Young Stars Seen in Baby Blanket of Dust
Newborn stars peek out from beneath their natal blanket of dust in this dynamic image of the Rho Ophiuchi dark cloud from NASA’s Spitzer Space Telescope.
Called “Rho Oph” by astronomers, it’s one of the closest star-forming regions to our own solar system. Located near the constellations Scorpius and Ophiuchus, the nebula is about 407 light years away from Earth.
Rho Oph is made up of a large main cloud of molecular hydrogen, a key molecule allowing new stars to form out of cold cosmic gas, with two long streamers trailing off in different directions. Recent studies using the latest X-ray and infrared observations reveal more than 300 young stellar objects within the large central cloud. Their median age is only 300,000 years, very young compared to some of the universe’s oldest stars, which are more than 12 billion years old.
“Rho Oph is a favorite region for astronomers studying star formation. Because the stars are so young, we can observe them at a very early evolutionary stage, and because the Ophiuchus molecular cloud is relatively close, we can resolve more detail than in more distant clusters, like Orion,” said Lori Allen, lead investigator of the new observations, from the Harvard-Smithsonian Center for Astrophysics, Cambridge, Mass.
This false-color image of Rho Oph’s main cloud, Lynds 1688, was created with data from Spitzer’s infrared array camera, which has the highest spatial resolution of Spitzer’s three imaging instruments, and its multiband imaging photometer, best for detecting cooler materials.
The colors in this image reflect the relative temperatures and evolutionary states of the various stars. The youngest stars are surrounded by dusty disks of gas from which they and their potential planetary systems are forming. These young disk systems show up as red in this image. Some of these young stellar objects are surrounded by their own compact nebulae. More evolved stars, which have shed their natal material, are blue.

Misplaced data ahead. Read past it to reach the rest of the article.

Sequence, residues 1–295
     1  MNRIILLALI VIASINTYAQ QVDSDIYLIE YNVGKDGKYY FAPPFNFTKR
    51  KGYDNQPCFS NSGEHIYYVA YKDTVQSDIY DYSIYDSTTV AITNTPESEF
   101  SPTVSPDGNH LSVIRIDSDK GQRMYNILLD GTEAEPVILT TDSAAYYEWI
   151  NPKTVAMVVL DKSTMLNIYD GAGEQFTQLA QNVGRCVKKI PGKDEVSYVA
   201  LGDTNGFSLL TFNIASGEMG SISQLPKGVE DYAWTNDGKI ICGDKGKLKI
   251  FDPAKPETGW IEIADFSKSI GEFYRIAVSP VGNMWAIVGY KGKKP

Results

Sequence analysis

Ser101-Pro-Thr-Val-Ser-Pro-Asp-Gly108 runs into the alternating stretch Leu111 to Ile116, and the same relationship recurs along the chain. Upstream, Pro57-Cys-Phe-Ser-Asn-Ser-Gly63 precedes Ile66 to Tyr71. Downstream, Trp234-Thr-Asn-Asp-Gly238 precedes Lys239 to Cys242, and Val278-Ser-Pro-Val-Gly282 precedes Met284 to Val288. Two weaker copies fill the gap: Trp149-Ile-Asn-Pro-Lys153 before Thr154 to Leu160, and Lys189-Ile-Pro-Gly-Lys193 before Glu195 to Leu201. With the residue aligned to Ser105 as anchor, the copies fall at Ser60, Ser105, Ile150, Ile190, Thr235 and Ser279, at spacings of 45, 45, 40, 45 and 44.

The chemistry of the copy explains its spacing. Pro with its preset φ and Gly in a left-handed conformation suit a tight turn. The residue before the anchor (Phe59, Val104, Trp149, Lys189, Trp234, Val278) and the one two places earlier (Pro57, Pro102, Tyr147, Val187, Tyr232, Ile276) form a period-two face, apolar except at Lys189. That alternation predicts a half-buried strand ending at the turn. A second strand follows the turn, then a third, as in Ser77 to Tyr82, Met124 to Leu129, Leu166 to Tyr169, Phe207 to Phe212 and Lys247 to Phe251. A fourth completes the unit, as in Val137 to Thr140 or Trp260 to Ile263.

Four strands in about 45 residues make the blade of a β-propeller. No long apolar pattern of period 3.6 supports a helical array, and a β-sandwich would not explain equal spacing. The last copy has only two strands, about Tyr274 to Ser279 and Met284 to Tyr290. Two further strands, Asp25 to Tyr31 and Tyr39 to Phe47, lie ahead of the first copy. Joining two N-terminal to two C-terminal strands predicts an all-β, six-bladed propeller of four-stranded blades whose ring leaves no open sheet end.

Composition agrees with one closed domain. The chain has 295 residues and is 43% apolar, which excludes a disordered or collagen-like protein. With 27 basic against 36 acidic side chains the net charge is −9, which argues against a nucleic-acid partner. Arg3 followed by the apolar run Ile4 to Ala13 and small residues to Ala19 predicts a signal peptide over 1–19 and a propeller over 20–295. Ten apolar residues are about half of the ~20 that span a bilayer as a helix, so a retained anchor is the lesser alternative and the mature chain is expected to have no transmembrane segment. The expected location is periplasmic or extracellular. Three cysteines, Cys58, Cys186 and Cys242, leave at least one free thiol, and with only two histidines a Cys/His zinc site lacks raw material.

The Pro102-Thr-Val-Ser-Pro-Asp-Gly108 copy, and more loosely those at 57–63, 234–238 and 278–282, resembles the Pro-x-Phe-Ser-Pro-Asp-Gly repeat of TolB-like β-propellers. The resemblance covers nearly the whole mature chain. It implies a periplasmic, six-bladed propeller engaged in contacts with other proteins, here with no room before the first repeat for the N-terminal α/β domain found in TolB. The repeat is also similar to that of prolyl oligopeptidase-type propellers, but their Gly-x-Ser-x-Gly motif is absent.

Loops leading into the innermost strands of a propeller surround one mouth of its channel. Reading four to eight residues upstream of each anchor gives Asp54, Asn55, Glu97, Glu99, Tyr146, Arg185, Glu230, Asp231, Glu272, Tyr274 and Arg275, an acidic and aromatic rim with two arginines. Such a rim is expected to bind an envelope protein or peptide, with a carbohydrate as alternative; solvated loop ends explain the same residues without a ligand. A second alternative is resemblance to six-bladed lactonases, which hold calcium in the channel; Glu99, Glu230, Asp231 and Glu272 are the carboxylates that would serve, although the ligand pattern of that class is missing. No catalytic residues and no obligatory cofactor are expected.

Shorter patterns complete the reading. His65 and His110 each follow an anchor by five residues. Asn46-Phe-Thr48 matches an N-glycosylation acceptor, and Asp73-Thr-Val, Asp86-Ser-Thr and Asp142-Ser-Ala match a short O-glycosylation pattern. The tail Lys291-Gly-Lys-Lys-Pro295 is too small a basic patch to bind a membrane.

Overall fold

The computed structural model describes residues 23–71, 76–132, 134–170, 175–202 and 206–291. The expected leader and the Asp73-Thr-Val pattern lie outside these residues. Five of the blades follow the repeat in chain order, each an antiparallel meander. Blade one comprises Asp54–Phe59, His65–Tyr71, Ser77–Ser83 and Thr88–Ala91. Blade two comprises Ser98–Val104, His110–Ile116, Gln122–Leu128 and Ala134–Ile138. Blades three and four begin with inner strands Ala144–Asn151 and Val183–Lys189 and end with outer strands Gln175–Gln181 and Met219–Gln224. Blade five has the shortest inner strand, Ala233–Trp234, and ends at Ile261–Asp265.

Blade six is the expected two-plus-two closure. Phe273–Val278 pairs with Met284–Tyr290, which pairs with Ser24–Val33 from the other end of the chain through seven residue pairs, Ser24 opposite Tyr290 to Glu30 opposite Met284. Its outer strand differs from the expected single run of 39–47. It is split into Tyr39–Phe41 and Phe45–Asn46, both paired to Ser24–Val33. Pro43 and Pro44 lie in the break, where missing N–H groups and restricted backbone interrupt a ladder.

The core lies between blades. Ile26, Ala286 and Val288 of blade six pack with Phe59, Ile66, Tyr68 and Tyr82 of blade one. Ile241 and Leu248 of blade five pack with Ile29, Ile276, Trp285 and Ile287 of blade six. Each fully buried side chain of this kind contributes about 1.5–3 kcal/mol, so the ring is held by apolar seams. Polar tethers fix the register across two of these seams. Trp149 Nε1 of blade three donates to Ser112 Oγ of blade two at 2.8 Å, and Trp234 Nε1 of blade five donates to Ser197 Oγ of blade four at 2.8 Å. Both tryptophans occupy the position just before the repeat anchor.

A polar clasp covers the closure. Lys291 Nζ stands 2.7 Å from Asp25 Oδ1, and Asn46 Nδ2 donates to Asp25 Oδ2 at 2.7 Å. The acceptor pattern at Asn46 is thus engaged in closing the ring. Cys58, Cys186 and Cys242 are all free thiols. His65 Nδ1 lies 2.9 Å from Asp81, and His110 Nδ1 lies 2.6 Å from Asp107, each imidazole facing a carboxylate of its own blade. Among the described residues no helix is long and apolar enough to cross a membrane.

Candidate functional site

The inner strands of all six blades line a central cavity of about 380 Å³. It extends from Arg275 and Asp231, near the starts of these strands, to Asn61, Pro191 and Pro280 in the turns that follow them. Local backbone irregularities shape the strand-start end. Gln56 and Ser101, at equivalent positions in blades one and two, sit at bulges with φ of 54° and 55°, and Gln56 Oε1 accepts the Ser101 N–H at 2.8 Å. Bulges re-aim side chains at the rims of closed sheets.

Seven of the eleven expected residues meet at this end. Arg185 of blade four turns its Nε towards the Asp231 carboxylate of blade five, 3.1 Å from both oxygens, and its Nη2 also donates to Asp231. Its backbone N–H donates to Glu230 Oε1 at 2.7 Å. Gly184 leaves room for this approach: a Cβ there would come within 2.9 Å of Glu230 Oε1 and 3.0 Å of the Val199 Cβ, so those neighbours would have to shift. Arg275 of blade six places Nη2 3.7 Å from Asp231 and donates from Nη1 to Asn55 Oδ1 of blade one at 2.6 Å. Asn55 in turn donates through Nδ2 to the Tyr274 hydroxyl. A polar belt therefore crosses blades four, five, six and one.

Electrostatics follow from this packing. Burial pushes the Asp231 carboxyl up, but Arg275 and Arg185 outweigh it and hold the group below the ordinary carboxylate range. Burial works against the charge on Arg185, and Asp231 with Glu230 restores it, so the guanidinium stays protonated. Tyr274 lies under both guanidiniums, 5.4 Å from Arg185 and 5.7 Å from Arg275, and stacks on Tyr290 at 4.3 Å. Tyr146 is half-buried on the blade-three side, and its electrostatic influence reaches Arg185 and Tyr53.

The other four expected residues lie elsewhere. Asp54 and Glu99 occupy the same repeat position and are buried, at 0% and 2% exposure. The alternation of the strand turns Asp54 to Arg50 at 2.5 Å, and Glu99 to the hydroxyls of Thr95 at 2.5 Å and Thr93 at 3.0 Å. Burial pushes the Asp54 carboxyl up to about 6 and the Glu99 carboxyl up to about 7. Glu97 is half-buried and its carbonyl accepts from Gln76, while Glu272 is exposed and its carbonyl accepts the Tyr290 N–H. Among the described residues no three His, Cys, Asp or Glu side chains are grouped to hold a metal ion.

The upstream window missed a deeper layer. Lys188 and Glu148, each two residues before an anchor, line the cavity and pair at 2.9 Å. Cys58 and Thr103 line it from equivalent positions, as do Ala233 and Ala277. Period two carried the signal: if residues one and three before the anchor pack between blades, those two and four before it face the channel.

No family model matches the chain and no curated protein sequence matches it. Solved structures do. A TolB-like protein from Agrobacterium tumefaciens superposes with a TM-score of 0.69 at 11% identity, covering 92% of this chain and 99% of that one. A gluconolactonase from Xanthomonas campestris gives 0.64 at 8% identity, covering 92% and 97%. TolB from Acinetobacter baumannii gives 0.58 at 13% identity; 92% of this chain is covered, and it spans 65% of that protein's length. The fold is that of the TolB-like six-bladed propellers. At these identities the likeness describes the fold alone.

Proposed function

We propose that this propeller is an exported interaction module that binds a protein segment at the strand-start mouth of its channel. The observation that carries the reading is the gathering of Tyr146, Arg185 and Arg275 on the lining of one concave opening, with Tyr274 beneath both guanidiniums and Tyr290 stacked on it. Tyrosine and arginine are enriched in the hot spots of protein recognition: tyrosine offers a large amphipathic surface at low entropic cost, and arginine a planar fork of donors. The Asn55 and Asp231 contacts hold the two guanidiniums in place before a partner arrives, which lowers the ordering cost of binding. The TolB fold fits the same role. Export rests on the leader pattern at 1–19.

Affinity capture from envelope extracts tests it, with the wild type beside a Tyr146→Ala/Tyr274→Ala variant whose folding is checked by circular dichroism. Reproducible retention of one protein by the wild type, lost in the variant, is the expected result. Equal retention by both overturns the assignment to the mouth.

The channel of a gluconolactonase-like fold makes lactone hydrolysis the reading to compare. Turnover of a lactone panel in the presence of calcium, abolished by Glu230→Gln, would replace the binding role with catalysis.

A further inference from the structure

The extended white nebula in the center right of the image is a region of the cloud glowing in infrared light due to the heating of dust by bright young stars near the cloud’s right edge. Fainter, multi-hued diffuse emission fills the image.
The color of the nebulosity depends on the temperature, composition and size of the dust grains. Most of the stars forming now are concentrated in a filament of cold, dense gas that shows up as a dark cloud in the lower center and left side of the image against the bright background of the warm dust.
NASA’s Jet Propulsion Laboratory, Pasadena, Calif., manages the Spitzer Space Telescope mission for NASA’s Science Mission Directorate, Washington. Science operations are conducted at the Spitzer Science Center at the California Institute of Technology, also in Pasadena. Caltech manages JPL for NASA.
Spitzer’s infrared array camera was built by NASA’s Goddard Space Flight Center, Greenbelt, Md. The instrument’s principal investigator is Giovanni Fazio of the Harvard-Smithsonian Center for Astrophysics. The multiband imaging photometer for Spitzer was built by Ball Aerospace Corporation, Boulder, Colo.; the University of Arizona; and Boeing North American, Canoga Park, Calif. Its principal investigator is George Rieke of the University of Arizona, Tucson.
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